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Managers failing to set targets

Research calls into question managers' approaches towards staff development

Just one in five (21%) employees say they have been set specific goals by their managers, according to Sodexo Engage research.

Its report found that out, of the 3,000 UK employees surveyed, just 38% had been set specific goals or targets, and a further 41% said their managers had only set them 'loose' targets.

More than half of those surveyed (51%) reported they have a maximum of four one-to-one meetings a year.

The findings have called into question managers' approaches towards staff development. It was also suggested that this lack of direction could be affecting the way employees see their managers. Nearly half of those surveyed (47%) said they did not consider their managers good role models.

Additionally more than four in 10 (44%) admitted they did not trust their managers to make the right decisions or treat them fairly.

The research called for managers to focus more closely on performance management and face-to-face meetings to avoid creating disengaged employees.

Iain Thomson, director of incentive and recognition at Sodexo Engage, said: “Our research shows that managers risk losing the respect and trust of their teams unless they take a more hands-on approach towards employee development.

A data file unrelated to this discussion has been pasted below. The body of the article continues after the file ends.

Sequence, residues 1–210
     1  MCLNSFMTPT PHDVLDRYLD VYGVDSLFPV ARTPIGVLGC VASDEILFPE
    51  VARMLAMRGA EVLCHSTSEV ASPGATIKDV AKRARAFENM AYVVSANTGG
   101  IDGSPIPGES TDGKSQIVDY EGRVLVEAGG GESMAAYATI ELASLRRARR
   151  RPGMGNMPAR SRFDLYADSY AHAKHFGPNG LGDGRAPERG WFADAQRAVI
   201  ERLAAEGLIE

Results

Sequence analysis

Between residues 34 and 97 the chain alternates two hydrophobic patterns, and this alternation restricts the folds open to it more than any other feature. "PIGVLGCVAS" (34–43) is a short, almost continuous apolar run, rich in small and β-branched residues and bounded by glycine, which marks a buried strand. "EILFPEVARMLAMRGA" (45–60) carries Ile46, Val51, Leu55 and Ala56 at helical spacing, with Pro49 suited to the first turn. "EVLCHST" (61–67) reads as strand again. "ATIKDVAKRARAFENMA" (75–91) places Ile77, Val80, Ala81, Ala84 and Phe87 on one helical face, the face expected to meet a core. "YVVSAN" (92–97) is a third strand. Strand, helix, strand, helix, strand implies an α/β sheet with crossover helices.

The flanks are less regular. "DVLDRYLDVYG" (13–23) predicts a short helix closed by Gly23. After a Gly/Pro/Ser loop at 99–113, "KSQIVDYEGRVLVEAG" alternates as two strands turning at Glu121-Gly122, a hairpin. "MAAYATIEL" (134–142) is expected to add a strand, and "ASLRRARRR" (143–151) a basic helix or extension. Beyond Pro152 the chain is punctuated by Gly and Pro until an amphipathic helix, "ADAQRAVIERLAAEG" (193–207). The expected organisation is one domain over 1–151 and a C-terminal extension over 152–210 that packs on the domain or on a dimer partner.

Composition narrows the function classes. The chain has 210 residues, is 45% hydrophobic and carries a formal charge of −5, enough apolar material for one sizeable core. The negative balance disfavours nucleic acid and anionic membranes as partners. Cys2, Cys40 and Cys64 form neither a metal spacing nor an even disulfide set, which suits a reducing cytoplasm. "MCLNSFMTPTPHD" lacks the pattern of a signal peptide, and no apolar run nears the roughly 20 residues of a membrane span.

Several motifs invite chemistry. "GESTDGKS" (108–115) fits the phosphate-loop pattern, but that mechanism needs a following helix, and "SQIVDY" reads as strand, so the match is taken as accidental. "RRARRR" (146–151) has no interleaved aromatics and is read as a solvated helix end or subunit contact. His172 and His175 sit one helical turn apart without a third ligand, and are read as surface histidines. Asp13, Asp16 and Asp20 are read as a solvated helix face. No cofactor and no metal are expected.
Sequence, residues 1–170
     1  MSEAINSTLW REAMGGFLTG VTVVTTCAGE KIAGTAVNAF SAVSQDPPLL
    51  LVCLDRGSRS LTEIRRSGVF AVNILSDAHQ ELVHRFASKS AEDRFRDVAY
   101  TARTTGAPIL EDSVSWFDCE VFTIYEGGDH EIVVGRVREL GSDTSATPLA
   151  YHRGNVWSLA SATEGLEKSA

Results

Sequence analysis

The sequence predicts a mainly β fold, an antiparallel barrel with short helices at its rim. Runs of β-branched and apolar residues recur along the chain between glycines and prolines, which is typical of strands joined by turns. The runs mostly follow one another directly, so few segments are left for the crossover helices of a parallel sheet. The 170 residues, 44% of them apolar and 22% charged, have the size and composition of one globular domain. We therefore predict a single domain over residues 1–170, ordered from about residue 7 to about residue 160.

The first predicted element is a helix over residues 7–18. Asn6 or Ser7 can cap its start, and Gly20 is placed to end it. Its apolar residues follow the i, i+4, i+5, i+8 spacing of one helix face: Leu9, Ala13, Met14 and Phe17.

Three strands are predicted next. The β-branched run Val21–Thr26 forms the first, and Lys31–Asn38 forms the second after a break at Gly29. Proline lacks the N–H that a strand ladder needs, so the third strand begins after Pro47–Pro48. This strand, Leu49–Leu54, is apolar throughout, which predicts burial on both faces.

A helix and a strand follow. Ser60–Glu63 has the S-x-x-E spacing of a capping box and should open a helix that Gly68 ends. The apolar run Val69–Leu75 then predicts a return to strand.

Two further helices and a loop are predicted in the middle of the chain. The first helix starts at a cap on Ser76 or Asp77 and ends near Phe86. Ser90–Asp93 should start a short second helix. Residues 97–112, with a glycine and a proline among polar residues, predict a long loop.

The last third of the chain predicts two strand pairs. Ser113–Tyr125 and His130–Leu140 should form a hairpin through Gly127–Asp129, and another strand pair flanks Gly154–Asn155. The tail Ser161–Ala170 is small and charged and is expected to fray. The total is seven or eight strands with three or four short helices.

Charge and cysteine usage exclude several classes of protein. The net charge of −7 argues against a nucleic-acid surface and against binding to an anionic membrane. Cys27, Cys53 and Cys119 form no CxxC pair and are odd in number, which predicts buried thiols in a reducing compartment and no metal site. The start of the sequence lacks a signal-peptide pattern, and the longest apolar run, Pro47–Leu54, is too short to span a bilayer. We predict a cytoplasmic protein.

"We know people work best when they’re given goals to achieve, but many managers are failing to take this on board… A business is only as good as the people it employs, and happy employees create better working environments.”

However, partner at the Leadership Forum Peter Wright said that managers need to radically change the way they approach feedback.

“There’s evidence to suggest that goal setting and performance management do not deliver the results that employers would hope for," he told HR magazine. "Sceptics would argue that goals are just about securing bonuses; as managers have the power to set their own targets they’ll set the easiest targets possible.

“A lot of the time the targets set are already in an employee’s job description," he added. "I’m sympathetic to the fact that some employees want personal feedback, but we should be able to trust people to do their jobs.

"Down the road, I would suggest that we move away from individual targets and instead focus on what you want to achieve collectively as an organisation, to ensure everyone’s on the same page and that you continue to grow and make profit.”